Then it was off to the Pit Stop at the Contemporary Art Museum. Gary and Mallory got their first, followed by Jen and Kisha. The Globetrotters came in third and Zev and Justin were eliminated. We learned some things here. A) Rio de Janeiro is one of the most beautiful cities in the world and B) the bikinis in Rio make the CBS blur machine busy.
This was a two parter so we also got to see the finale. The remaining teams all took the same flight to Miami. Once there they had to go to a marina and move some boats with a forklift. This time Gary and Mallory the slow cab and it basically sunk them. The Globetrotters and Sisters were neck and neck throughout. Well, almost. The Sisters were simply a little bit faster.
From the marina they went to Key Largo where one member of each team used a personal sub to hunt in treasure chests for a clue. These tasks really punish later teams as there are fewer and fewer clues left.
Then they went to a camp where they had to wade through shallow water to a scrub island and find a clue box. The wind picked up here and it looked kind of tough. Next was a speed boat to a trailer park (seriously) where each team had to set up a trailer tableau to match a picture. The wind made this very tough.
The Sisters got this done first and they were off to Seven Mile bridge. There they found big tricycles to ride across with. The Globetrotters weren't far behind them but they just couldn't make up the distance. Kisha and Jen won despite never having won a leg before this one. They were a strong team and I wasn't sad to see them win. (Really, I liked all of the final four teams.)
And now comes the long sad time between the end of this season and the start of the new one next fall.
Saturday, May 07, 2011
- Relia came into our room at 7a, which was right in line with her light. We all got up and went downstairs for cereal. DF had sliced banana. We all got dressed and were out the door a little after 8a.
- We arrived at the Bryn Mawr neighborhood and started walking the alleys and looking at sales. Relia had $1 to spend and that was quickly spent on a rock and roll Elmo. She also found a princess themed bike ($15) and we upgraded her ride.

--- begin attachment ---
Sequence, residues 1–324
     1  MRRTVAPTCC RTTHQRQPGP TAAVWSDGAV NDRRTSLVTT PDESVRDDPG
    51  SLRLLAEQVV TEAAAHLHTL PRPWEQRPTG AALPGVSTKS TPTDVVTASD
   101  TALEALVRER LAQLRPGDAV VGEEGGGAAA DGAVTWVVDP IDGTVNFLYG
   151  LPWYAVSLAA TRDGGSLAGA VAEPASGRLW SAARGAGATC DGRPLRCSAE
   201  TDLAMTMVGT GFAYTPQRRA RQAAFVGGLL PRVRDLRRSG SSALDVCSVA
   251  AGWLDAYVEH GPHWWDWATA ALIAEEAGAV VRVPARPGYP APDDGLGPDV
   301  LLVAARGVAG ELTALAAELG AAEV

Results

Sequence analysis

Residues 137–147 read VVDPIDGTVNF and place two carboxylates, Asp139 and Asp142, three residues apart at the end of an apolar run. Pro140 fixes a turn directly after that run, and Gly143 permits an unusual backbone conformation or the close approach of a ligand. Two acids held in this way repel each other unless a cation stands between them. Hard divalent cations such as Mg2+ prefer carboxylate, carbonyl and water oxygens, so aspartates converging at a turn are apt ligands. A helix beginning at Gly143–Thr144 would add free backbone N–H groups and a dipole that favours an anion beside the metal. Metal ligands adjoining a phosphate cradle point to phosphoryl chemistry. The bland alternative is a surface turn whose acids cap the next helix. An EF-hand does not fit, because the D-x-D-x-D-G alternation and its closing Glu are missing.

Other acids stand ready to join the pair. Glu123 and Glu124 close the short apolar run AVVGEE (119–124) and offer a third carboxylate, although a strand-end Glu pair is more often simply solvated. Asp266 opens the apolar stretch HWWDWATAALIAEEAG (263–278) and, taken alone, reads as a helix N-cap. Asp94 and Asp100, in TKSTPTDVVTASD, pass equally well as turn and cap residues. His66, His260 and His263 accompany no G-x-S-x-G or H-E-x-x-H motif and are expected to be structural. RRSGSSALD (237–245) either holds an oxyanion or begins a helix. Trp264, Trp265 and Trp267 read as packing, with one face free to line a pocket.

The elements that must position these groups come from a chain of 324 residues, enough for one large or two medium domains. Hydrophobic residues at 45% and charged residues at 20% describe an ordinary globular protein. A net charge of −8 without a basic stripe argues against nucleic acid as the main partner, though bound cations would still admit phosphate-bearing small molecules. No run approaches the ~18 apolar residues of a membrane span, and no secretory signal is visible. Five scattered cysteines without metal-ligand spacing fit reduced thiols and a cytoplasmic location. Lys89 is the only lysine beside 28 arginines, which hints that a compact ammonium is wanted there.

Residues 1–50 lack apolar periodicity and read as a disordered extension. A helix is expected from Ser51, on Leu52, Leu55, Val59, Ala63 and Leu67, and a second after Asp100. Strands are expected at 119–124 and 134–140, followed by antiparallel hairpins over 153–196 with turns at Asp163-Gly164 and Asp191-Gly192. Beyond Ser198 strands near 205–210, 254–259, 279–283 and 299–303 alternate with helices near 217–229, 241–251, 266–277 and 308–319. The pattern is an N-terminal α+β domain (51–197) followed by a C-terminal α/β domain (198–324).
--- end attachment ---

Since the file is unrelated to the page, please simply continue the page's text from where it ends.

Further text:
- Back to the car and we met up with the FP Gal's dad and his truck. We dropped our first load and went back to the hunt. DF was in the stroller and Relia went back and forth between walking and riding.
- After a couple of hours we stopped for lunch. They all had pizza while I had a burger from a restaurant named Dredi. I won.
- Back on the road (well, sidewalk). DF finally took a nap in the back of the stroller. Grandpa and Relia stopped to listen to a string quartet and the FP Gal and I continued on to another sale. While there we met another 3 year old princess. Someone complimented her on her dress and her mom had to prompt her to say 'thank you'. It's not just us!
- More shopping and no big finds. We did get a Fisher Price castle. And a couple of puzzles for Relia. There were hardly any books for sale and none that I wanted.
- Time to turn for the car. At our third to last sale we saw a denim chair ($5) that was just perfect for Relia. There were some tears as we figured out how to get it back to the car but nothing too serious.
- Home but (surprisingly) no naps on the way. DF went down eventually but fightin' Relia would hear nothing of the sort. We played out back for a bit and then inside to tackle the new puzzles.
- BLT's for supper. DF wasn't sure about tomatoes or bacon. Or the yogurt in which we crumbled up his vitamins. Relia at her's very quickly. Me? I've come to love the taste of bacon and mayonnaise.
- Finished in time to watch the Derby. Wore some silly hats and cheered for horses. None of our picks won.
- Coming up? Bath time, bed time and quiet time for parents.
I wanted to go with 'Stay Thirsty' but the FP Gal took it. So I'll go with my back up plan (i.e. pick a name having to do with cats) and go with 'Derby Kitten'. What's amazing to me is how long the odds are on almost every horse here. Only two of them are at less than double digits to win. If I was a betting man I'd plop down $20 on all of the 10/1 and 12/1 horses. If any of the five of them win (which isn't a bad bet) you'd double your money.
Thursday, May 05, 2011
I was thinking about how we've adopted both Cinco de Mayo* and St Patrick's Day as national days here in the U.S. We celebrate Mexican and Irish culture on those days (to some small extent anyway). This made me think that we really could use some more days to help fill up the calendar and cover the other ten months.
*According to Wikipedia, Cinco de Mayo isn't really that big a deal in Mexico itself. How strange is that?
So let's see what we can find out . . .
- January - Chinese New Year. The only problem with this is that, like Easter, it moves around a little bit and sometimes bleeds into February.
- February 11th- Japan's 'National Foundation Day' which celebrates the founding of the Imperial line by Japan's first emperor.
- March 17th- St Patrick's Day (natch)
- April 30th- Queen's Day from the Netherlands. One of it's traditions is for flea markets in the streets. This should also serve as the kick off to garage sale season.